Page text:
Challenges to EPA’s Revised Renewable Fuel Standard Requirements

Just before the required deadline of June 1, 2015, the EPA issued proposed percentage standards of renewable fuels for the years 2014 through 2016. The annual volumes associated with the percentage standards are substantially below the volumes established by Congress in the Energy Independence and Security Act (EISA) of 2007. The Renewable Fuel Standard (RFS) program has the following four categories of renewable fuels:
(US DOE – Energy Efficiency and Renewable Energy Alternative Fuels Data Center)

  • Conventional Biofuel: Any fuel derived from starch feedstocks (e.g. corn and grain sorghum).
  • Advanced Biofuel: Any fuel derived from cellulosic or advanced feedstocks. Within this category are the following sub-categories:
    • Biomass-Based Diesel: Diesel fuel substitutes made from renewable feedstocks, including biodiesel and nonester renewable diesel.
    • Cellulosic Biofuel: Any fuel derived from cellulose, hemicellulose or lignin.

The following figure ( shows the volume requirements of the different biofuel categories as established in the 2007 EISA:

The Energy Independence and Security Act of 2007 (EISA) set yearly RFS volume requirements for each renewable fuel category. EPA updates volume requirements each year based on fuel availability

 The following table compares the proposed revisions with the original volumes in billions of gallons:

Marshall June Post Graph

 The EPA used its authority under the Clean Air Act to reduce the volumes from their statutory requirements considering several factors:

  • availability of qualifying renewable fuels;
  • supply constraints to consuming vehicles; and,
  • market conditions relating to production, infrastructure and relative pricing.

In 2014, the US biofuel ethanol industry produced 14.3 billion gallons. A small portion was exported to other countries, mostly Canada, Gasthe remainder was blended into gasoline, mostly at the 10 percent level (E10), the most common blend concentration for ethanol. In the same 2014 year the total US gasoline consumption was 136.78 billion gallons. It takes no genius in math to see that the amount of ethanol blended into gasoline was close to 10 percent; known in some circles as the “blend wall,” since 10 percent was the original maximum set by the Clean Air Act.

EIA projections indicate US gasoline consumption as relatively flat and then declining over the next several years. So how will even the revised modest growth projections for renewable fuels be achieved if ethanol concentration is limited to 10 percent? Let alone the ambitious projection of 36 billion gallons of renewable fuels by 2022 as established in the 2007 EISA.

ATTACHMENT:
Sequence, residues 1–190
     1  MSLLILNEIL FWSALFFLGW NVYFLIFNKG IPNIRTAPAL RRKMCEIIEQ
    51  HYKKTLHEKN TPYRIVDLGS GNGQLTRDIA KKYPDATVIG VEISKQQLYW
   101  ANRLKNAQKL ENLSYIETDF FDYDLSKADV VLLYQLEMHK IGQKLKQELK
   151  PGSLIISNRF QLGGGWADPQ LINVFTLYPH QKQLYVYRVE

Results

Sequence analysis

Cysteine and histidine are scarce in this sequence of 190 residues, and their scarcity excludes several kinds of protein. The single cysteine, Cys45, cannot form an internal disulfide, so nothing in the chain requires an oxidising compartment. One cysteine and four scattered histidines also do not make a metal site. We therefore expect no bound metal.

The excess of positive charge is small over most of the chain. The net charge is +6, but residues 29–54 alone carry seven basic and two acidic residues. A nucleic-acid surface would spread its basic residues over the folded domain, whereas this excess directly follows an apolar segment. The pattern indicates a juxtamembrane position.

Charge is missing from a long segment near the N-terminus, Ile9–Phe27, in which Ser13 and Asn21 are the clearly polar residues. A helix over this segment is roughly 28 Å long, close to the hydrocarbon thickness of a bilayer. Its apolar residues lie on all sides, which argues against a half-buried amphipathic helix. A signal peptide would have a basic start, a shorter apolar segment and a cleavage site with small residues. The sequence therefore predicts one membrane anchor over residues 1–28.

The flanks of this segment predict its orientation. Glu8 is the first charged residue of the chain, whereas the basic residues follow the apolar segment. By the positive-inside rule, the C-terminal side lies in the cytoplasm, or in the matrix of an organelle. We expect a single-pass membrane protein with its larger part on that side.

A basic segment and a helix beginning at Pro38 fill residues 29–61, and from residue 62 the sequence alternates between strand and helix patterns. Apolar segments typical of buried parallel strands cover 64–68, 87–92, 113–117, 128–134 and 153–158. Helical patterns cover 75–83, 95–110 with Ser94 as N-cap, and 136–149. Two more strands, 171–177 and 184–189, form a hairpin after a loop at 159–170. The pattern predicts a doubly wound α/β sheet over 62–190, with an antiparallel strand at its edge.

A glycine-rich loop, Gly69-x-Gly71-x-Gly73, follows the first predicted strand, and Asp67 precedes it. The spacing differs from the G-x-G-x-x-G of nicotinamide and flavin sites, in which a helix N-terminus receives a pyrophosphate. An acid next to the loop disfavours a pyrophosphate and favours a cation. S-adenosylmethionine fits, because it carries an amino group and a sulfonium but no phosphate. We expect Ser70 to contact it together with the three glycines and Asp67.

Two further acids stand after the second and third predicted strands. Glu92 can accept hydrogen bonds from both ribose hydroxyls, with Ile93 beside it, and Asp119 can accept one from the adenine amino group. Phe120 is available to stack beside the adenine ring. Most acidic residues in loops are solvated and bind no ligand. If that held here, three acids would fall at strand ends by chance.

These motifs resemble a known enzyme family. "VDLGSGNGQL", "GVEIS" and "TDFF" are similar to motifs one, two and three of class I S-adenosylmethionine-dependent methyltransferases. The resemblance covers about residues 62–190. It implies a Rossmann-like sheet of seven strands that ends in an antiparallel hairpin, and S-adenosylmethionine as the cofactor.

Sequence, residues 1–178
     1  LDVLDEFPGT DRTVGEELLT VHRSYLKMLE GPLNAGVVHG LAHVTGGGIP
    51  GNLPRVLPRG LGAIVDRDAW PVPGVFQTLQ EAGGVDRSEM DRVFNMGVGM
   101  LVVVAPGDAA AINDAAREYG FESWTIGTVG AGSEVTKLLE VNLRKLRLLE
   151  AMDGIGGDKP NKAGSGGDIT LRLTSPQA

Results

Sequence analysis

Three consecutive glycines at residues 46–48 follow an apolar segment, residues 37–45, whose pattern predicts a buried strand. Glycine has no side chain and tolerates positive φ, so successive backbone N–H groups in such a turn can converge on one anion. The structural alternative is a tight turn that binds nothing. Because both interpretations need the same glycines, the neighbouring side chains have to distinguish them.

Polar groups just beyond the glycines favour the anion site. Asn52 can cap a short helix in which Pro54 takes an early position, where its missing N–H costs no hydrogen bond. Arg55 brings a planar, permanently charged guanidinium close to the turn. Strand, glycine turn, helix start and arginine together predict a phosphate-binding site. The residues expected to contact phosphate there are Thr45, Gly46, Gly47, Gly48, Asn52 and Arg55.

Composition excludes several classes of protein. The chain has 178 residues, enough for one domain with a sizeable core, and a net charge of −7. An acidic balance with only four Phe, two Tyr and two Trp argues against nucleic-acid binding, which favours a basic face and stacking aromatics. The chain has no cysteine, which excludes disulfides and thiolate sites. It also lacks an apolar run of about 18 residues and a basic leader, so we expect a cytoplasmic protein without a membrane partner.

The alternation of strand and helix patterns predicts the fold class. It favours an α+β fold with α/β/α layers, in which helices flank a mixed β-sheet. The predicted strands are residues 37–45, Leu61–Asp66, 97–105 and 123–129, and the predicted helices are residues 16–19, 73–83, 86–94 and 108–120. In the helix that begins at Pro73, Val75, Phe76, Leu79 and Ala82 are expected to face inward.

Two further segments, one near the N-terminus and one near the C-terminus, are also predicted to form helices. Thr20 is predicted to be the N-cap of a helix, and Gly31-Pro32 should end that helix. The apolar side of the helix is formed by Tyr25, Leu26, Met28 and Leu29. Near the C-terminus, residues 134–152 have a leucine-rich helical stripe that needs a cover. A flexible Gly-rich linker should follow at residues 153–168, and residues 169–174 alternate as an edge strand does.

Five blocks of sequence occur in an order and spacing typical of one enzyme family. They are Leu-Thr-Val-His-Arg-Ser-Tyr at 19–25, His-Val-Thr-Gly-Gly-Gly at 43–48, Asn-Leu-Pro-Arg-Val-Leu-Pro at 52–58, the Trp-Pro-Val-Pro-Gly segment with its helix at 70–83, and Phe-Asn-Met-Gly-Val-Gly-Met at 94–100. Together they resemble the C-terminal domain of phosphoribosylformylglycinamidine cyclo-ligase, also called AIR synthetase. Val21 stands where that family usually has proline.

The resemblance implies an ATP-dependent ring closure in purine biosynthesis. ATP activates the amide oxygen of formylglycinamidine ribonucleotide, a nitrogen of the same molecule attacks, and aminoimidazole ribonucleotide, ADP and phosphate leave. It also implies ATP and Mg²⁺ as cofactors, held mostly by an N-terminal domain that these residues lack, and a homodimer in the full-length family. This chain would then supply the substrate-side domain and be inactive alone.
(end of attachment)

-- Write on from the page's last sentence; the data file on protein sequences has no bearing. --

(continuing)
There are two other possibilities presently available: 85 ethanol 15 gasE85 and E15, referring to the amount of ethanol blended with gasoline. Neither at present are significant sources for biofuel ethanol. E85 first of all requires specific pumps and can only be used in flexible fuel vehicles; i.e. those whose engines can run on any mixture of ethanol and gasoline from zero percent to 85 percent. There are only a limited number of such vehicles available and not many gasoline stations with special E85 pumps.

E15 is another story. In 2011 the EPA approved the use of this higher ethanol blend in conventional light-duty cars and trucks in model year 2001 and newer. However several concerns have limited the application of this higher blend. These include additional federal and state regulations, misfueling liability, and inability to meet EPA’s vapor pressure specification for E15 during the summer. attention e15(“E15 and Infrastructure,” a May 2015 National Renewable Energy Laboratory (NREL) report).

Ethanol gasoline blends in the 10 to 15 vol. percent range increase the vapor pressure of the resultant mixture by about 1 pound per square inch (psi). During the summer months from June 1 to September 15, EPA regulates gasoline vapor pressure to  reduce evaporative emissions. E10 was granted a 1 psi waiver from these regulations in 1992. However this waiver does not apply to gasoline with ethanol concentrations higher that 10 vol. percent. In order to use the higher ethanol concentrations, refiners would have to produce a gasoline blend stock with a lower vapor pressure; adding additional costs to refinery operations. This is another inhibiting factor in being able to break through the “blend wall” of 10 percent.

As with all proposed new regulations, EPA allows for comments and any new data to be presented by interested parties before the regulations become effective; currently scheduled for November 30, 2015. It will be interesting to follow and see what, if any changes, are implemented during this time frame.

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